The Revue d'Odonto-Stomatologie publishes, under the authority of the Société Odontologique de Paris, manuscripts, research results, clinical sheets, activity reports, reviews and communications on the subjects of odontology (dentistry) and stomatology.
The manuscripts should be sent in triplicate addressed to the chief editor, to the editorial office :
R.O.S. (SOP) : 6 , rue Jean Hugues 75116 Paris .
Without prior permission, manuscripts should not exceed 10 or 15 pages and a maximum of 15 illustrations. The manuscript must be typewritten with wide margins and double spacing. Each page must be numbered.
The manuscripts will be either :
The manuscripts can be submitted either in French or English. English manuscripts can be submitted with prior permission of the publisher. They will be translated and published in both languages. The publisher will be in charge for the translation which will be returned to the authors for their authorization and published under their responsibility.
The bibliographical references will be presented at the end of the article on separate pages, and by alphabetical order of the authors last name and quoted according to the international norms of the Medicus Index, i.e. : last name(s) and first names initials of the author(s), complete title of the article or text in its original language, followed by:
All quoted authors in the text should be referenced in the bibliography according to the Medicus Index.
In order to provide an innovative and relevant approach for readers and their patients, the ROS authors will be asked to indicate a classification type to each reference quoted in their articles. This classification concerns only the publications nature without judging its quality. Four categories are distinguished based on 9 categories used by Pietri (1):
Cat 4: Personal communications and case report
Cat 3: "Narrative" references and reviews of the literature (that is without research methodology)
Cat 2: In vitro studies and animal clinical studies
Cat 1: Clinical studies, meta-analyses, systematic reviews of the literature and recommendations of health authorities
From 2010, this classification will be applied allowing readers to immediately appreciate the type given to a reference according to the established categories.
A group of experts will be set up within the Editorial committee to provide information and assistance to the authors in this new procedure.
(1) Sackett, D. L., Haynes, D. L., Guyatt, G. H., Tugwell, P. Clinical epidemiology : a basic science for clinical medicine (2nd ed). Boston : Little, Brown, 1991. P. 441.
Pietri G. Prosthetic rehabilitation. London : Quintessence, 2008. P. 224.
All the illustration legends will be chronologically listed on an annexed sheet.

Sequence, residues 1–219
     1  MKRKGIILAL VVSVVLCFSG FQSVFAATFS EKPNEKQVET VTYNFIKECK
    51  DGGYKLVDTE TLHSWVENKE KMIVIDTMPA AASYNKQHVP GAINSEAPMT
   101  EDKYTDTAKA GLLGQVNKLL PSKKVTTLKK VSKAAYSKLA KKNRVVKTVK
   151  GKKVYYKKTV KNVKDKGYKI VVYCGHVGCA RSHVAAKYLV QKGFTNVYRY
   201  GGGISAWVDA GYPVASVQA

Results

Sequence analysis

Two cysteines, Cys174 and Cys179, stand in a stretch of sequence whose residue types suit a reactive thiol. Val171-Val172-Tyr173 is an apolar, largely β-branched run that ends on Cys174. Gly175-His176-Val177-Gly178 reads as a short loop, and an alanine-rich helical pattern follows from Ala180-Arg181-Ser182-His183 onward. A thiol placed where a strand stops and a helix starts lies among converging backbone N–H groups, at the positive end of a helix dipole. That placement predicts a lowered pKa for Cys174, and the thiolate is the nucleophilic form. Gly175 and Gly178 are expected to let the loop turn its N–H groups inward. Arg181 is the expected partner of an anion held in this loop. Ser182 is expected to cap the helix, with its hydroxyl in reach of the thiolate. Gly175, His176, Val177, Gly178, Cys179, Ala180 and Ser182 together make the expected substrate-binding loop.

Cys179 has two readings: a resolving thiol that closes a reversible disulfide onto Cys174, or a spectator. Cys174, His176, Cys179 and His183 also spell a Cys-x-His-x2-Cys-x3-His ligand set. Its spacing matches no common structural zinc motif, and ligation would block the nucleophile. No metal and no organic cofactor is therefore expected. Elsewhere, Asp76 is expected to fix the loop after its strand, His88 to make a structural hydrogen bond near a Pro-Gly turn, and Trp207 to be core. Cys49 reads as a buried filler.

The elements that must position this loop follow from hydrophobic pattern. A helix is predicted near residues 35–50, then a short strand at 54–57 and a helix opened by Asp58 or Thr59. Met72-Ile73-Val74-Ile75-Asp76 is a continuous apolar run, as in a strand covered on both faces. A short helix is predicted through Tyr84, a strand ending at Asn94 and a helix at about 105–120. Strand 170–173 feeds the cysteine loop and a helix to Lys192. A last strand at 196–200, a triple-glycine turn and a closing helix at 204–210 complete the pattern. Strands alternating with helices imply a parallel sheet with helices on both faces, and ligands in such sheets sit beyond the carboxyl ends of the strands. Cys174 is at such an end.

For a better quality of reproduction, original slides should be sent for digitisation and will be returned to the authors. This will allow the editorial staff to retouch certain slides. Otherwise, digital images of high definition (JPEG format, 600 dpi, 90x60 mm) should be submitted.
All the original illustrations will be referenced in the text as fig. x, photo x, diagram x, or table x and numbered (in Roman numerals for tables) by category and according to their order of quotation. On the back of printed photos or slides, information on number, location, orientation and name of the authors must be indicated. The legend of each illustration must be typed, if possible in French and in English, on a separate sheet at the end of document.
For reproductions of figures or photos, references and both the author and the original publisher permission will be added.
The journal will be on no account considered as responsible for the loss, theft or deterioration of manuscripts or documents which have been confided.
Published articles engage the authors exclusive responsibility. Total or partial reproduction of the publications remains subject to the editors consent.
Twenty-five complimentary offprints of an article will be sent to the author first. All supplementary offprints should be requested to the editorial office at the time of proof reading and will be charged at cost price.
The article and its bibliography in triplicate.
The name and address of the corresponding author.
A summary of 8 to 10 lines and keywords (if possible in French and in English).
A text file saved preferably as WORD for MAC or PC sent to the editorial office as a CD-ROM or by e-mail.
Quality illustrations should be presented as original slides numbered, positioned and correctly oriented or as digital files.
Tables, one per page, should be numbered in Roman numerals, positioned and correctly oriented.
Once proof-read, the ROS reserves the right to reproduce all or any part of the published text within the framework of its publishing or production activities.